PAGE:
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The Central Committee of the Communist Party of Germany approves, on the proposal of comrade Ernst Thälmann,1 the following proclamation for the national and social liberation of the German people. This declaration, which is addressed to all workers throughout Germany, has a programmatic significance that goes far beyond the scope of day-to-day politics. It constitutes a historical document that points the way for the entire working German people and illustrates for the first time the critical guidelines for the government policy of the coming German Soviet power.

While Social Democracy wants to sustain and perpetuate the existent state of misery, while the Hitler-party with deceitful phrases heralds a nebulous “Third Reich” that in reality would look even worse than the present wretchedness, we communists say clearly what we want. We conceal nothing. We make no promises that we will not unequivocally keep. Every laborer, every female worker, every young proletarian [Jungprolet], every office worker, every member of the cities’ indigent middle-classes, every working peasant in the country, every honest productive person in Germany, should with full clarity be convinced of our goal. The only way to the national liberation of the broad masses [Volksmassen] is a Soviet Germany.

For the present elections we call upon every working person in city and country to decide for a Soviet Germany by voting for List 4, for the list of the Communist Party. Continue reading

The National Bolshevist Manifesto

Karl Otto Paetel’s 1933 manifesto detailing the tactics and worldview of German ‘National Communism’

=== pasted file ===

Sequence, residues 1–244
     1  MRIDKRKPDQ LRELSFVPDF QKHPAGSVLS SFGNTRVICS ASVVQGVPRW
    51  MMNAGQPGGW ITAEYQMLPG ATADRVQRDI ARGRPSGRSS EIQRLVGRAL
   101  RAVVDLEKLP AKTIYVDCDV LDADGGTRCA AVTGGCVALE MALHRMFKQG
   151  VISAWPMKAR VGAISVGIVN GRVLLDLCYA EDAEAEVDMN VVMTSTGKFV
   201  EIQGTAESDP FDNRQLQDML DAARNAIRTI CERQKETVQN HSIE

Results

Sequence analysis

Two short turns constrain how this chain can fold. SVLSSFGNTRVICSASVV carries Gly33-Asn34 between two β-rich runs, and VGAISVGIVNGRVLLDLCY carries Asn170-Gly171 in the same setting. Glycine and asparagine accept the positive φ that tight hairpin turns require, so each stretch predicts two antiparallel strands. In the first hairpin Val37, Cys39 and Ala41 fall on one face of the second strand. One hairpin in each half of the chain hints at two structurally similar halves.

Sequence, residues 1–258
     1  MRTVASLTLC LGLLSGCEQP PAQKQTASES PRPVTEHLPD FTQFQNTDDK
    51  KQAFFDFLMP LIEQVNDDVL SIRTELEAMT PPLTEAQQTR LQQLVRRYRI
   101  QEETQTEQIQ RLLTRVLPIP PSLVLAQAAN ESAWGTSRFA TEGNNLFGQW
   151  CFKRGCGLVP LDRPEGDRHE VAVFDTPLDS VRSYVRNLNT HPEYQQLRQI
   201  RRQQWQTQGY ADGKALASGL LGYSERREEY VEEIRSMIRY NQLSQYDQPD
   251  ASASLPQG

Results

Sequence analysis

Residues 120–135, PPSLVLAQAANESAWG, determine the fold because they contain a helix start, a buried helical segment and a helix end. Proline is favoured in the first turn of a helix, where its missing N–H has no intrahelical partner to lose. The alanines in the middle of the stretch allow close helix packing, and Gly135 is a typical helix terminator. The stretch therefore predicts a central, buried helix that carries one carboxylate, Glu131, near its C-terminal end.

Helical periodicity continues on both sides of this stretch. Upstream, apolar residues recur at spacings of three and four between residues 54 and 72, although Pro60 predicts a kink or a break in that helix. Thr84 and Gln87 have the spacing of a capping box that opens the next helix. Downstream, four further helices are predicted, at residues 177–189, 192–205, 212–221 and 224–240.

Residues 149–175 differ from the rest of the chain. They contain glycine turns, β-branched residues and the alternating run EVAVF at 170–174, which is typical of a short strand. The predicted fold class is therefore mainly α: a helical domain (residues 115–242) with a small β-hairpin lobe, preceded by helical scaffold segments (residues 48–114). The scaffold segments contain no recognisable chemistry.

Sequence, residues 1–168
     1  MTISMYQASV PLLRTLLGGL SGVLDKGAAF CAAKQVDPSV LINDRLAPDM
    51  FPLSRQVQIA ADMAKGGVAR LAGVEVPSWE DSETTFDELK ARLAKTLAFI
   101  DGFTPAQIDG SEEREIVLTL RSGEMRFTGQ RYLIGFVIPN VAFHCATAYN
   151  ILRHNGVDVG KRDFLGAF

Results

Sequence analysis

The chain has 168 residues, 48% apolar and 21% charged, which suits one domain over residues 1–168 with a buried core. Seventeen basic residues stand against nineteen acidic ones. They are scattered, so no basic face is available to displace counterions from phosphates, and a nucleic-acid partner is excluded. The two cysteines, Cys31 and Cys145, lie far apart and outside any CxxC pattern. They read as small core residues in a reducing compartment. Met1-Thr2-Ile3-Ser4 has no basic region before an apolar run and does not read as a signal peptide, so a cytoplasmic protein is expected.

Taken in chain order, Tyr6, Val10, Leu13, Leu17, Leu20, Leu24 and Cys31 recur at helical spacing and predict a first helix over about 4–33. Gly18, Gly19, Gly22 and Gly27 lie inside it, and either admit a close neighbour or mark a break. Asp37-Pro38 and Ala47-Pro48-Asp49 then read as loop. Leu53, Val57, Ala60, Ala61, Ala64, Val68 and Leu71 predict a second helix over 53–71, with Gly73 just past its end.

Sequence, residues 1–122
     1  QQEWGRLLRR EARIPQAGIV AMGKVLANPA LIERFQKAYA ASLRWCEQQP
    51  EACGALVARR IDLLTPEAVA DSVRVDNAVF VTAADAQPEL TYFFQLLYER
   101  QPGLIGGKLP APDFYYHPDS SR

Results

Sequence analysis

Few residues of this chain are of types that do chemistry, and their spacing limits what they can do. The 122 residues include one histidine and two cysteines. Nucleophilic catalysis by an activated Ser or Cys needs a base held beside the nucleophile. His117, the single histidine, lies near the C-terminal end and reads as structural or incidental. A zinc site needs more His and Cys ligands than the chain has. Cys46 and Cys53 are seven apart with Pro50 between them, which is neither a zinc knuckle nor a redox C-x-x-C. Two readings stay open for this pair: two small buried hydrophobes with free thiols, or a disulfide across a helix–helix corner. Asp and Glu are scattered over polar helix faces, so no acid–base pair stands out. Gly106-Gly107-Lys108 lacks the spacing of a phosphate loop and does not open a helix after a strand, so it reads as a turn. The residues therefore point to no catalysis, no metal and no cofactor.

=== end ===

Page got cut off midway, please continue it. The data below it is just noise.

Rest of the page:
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Several months ago I posted a translation of the opening chapter of Karl Otto Paetel’s 1933 National Bolshevist Manifesto, which swiftly became one of the most popular things on the site.  At the time I indicated that I was in the process of translating the entire document. After several months of work, the translation of Karl Otto Paetel’s National Bolshevist Manifesto is now complete to a degree which I feel satisfied with. It can be downloaded directly from WordPress using the link below:

Paetel – The National Bolshevist Manifesto (1933)

Or it can be downloaded from the Internet Archive, where I also uploaded a copy.

If you experience any complications or difficulties downloading from either source, please leave a comment or send me an email through the ‘Scuttlebutt’ tab to let me know. As for distribution of the document, I have no problem if people want to host or share it elsewhere online themselves – I don’t expect people to ask my permission first. Once something is on the internet it tends to take on a life of its own, anyway.

Who was Paetel?

Karl Otto Paetel was born into a solidly middle-class Berlin-Charlottenberg family on November 23, 1906. The son of a bookseller, Paetel developed literary and intellectual interests early, and like most youth of his generation his thinking and outlook was deeply affected by the experience of the Great War and Germany’s subsequent post-War travails. The flourishing German Youth Movement, too, had a strong impact on his development – it was Paetel’s involvement in various youth groups that helped reinforce his nationalist sentiments, as well as his appreciation for the comradeship that came with activity within the framework of a tight-knit organization united around a common cause.

In 1928 Paetel enrolled at Friedrich-Wilhelm University in Berlin, studying philosophy and history with the intention of becoming a schoolteacher. Paetel’s studies were brought to an end only five semesters later as a result of his early forays into political activism. Defying a ban on demonstrations, a mass of students descended on the French Embassy in protest against the Treaty of Versailles, Paetel among them. To his shock he soon found himself slung in the back of a police vehicle, stuffed inbetween a Communist youth on one side and a National Socialist doctoral student on the other. The consequence of Paetel’s arrest once the University was alerted was the loss of his scholarship and his subsequent expulsion. With a sudden excess of free time on his hands, Paetel threw himself into journalism, writing articles for a variety of publications. He was particularly attracted to political subjects.